The first term on the right-hand side is proportional to the magnetic susceptibility of the cavity χ′, which gives the response that would be obtained in an electron spin resonance experiment (and is proportional to the net magnetization), while the second term is proportional to the dielectric polarizability, and is sensitive to the total population of photoexcitations through their influence on the capacitance26,28. For a system with purely free charges, only the first term will contribute to the spin-resonant frequency shift, giving a lineshape proportional to the magnetic susceptibility χ′, as in Fig. 2b. However, with spin-dependent recombination between oppositely charged carriers, their population can be altered under magnetic resonance, giving rise to a frequency shift due to the change in dielectric polarizability.

We can cleanly separate the frequency shift due to spin-dependent recombination from the magnetic susceptibility response since these have opposite symmetries–the dielectric polarizability response (δC/C) is symmetric with respect to the line centre, while the magnetic susceptibility (δL/L) response is antisymmetric. By decomposing our data into symmetric, S(x)=(F(x)+F(−x))/2, and antisymmetric, A(x)=(F(x)−F(−x))/2, data sets where F(x) is the raw data of Fig. 1, and x=BB0 is the distance from the line centre at B0, we clearly isolate the dielectric response due to CT state recombination and its evolution with microwave power (Fig. 2a). With increasing microwave power, the peak response develops non-monotonically23 and progresses from a lineshape with a single minimum to a split, ‘W’-shaped lineshape with two minima whose separation grows with increasing microwave power. The sign of this dielectric response (δf<0) allows us to assign it to spin-dependent recombination within geminate CT states29, that is, those which are formed immediately following exciton dissociation. Due to spin conservation, geminate CT states will have spins, which are in either of the antiparallel configurations |↑↓〉, |↓↑〉 (these product states are the energy eigenstates for weakly interacting CT states in the presence of different hyperfine environments). Under spin resonance, these states can be converted to the spin-parallel triplet states |T+〉=|↑↑〉, |T〉=|↓↓〉, which cannot recombine directly to the ground state due to spin-selection rules. This transfer of population to longer-lived states results in an increase in CT-state population, which manifests as a drop in the resonant frequency δf<0 due to the increased dielectric polarizability of the film. We note that for CT states formed through bimolecular recombination, the relative populations of singlet and triplet states would be inverted, and we would therefore obtain a frequency shift with the opposite sign. In addition, since geminate CT states are formed from a spin-zero singlet exciton, they do not contribute to the net magnetization, and hence are cleanly decoupled from the antisymmetric magnetic susceptibility response.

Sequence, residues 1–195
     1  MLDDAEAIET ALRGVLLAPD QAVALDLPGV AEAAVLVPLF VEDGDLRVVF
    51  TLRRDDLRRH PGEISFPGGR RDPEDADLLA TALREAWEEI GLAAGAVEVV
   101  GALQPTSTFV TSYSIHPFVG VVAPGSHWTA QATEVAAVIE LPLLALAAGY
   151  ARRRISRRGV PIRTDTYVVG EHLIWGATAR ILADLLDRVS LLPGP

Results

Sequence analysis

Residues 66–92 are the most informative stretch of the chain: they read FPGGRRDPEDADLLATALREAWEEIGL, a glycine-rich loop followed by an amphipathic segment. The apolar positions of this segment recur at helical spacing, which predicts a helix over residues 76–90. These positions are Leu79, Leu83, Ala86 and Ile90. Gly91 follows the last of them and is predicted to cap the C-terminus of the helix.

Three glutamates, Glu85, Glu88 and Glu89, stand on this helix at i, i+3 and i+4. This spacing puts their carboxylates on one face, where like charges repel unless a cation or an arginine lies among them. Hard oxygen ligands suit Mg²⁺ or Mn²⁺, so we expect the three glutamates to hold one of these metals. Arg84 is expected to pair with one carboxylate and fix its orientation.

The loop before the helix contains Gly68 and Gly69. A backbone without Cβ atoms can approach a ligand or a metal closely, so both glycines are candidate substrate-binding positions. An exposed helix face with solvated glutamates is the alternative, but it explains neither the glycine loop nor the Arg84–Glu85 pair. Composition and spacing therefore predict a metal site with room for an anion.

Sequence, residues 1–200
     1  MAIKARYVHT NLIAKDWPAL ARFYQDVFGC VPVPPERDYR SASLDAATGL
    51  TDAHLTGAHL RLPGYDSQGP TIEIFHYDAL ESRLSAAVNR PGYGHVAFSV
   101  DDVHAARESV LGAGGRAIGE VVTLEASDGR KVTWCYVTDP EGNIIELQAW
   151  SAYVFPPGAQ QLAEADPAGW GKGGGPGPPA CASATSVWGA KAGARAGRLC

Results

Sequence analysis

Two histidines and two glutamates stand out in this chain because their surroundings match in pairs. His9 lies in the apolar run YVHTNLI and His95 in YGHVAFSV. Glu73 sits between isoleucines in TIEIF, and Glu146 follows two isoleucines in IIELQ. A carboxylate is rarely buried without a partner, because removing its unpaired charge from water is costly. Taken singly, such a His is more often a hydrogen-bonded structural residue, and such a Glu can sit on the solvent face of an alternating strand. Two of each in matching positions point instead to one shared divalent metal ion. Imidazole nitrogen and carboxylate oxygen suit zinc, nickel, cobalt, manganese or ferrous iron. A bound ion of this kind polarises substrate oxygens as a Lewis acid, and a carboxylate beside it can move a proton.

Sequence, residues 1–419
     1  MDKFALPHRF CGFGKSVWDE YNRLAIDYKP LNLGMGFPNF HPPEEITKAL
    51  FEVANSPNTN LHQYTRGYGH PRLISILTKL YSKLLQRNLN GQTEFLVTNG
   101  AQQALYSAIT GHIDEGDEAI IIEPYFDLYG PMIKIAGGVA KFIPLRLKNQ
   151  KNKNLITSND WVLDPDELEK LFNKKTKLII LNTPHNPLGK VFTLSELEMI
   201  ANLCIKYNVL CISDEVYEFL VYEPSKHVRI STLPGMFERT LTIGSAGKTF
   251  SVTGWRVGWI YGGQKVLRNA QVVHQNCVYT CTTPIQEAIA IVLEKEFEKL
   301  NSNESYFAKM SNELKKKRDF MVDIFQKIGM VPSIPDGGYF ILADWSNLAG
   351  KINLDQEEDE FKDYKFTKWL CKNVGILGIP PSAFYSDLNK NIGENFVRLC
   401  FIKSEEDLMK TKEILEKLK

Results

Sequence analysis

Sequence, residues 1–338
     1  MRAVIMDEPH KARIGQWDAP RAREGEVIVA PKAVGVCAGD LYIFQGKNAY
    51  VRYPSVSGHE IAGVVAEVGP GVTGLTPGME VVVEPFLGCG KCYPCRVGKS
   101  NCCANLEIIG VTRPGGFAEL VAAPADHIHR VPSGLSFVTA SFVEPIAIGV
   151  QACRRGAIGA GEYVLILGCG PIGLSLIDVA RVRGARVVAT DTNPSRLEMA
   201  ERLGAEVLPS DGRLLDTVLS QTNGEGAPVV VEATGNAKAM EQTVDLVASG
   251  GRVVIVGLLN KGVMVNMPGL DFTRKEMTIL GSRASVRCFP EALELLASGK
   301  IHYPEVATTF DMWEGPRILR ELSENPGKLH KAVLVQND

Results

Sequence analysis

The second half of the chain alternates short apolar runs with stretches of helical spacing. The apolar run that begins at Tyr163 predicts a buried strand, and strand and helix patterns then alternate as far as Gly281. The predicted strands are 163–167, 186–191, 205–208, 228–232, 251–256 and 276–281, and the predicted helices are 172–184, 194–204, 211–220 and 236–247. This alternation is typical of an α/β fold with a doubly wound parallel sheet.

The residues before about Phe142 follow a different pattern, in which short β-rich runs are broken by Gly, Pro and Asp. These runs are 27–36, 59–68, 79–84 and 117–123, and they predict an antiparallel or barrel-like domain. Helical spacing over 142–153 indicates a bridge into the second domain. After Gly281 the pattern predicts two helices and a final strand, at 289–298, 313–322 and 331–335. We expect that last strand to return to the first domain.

Dynamical suppression of hyperfine mixing

The high a.c. magnetic fields that our technique naturally offers allows us to explore the transition to a regime where the usual hyperfine-induced mixing between singlet and triplet manifolds can be suppressed (Fig. 3). Off resonance, or for low Rabi frequencies Ω=BBac/where Bac is the ac magnetic field strength, g is the electron g–factor and μB the Bohr magneton–the eigenstates of the spin pair are the simple product states since the difference in hyperfine fields between the two spins results in effective mixing of the singlet state and the triplet state—Fig. 3a. Microwave transitions can therefore induce a change in the singlet population, and hence a net population change, which we detect through the dielectric polarizability. For sufficiently high Rabi frequencies and on-resonance, a distinct regime emerges where the CT state eigenstates are altered, becoming states with definite spin multiplicity—Fig. 3b. Crucially, a new effective |T0〉 state emerges consisting of a coherent superposition of the off-resonance eigenstates. The creation of this new superposition state blocks mixing of the singlet and triplet manifolds since there are no matrix elements connecting the and |S〉 wavefunctions via the difference in hyperfine fields23. The singlet state therefore becomes dynamically isolated from the triplet states, and hence no population change of the singlet state can occur (further details are contained in Supplementary Note 1). The population response thus returns to its off-resonance value, resulting in the central dip towards zero in the lineshape. In addition, this lineshape splitting grows with increasing Rabi frequency since this governs how far off resonance it is necessary to go to recover the mixing between singlet and triplet manifolds. We note that the splitting we observe here occurs in a similar regime as the spin locking behaviour observed in pulsed magnetic resonance experiments that is connected with the onset of Rabi oscillations at frequency 2Ω (refs 30, 31, 32, 33). While these experiments demonstrate the joint precession of electron and hole spins, here we use our novel detection scheme as a direct probe of the steady state wavefunctions and in particular, the dynamical isolation of the state.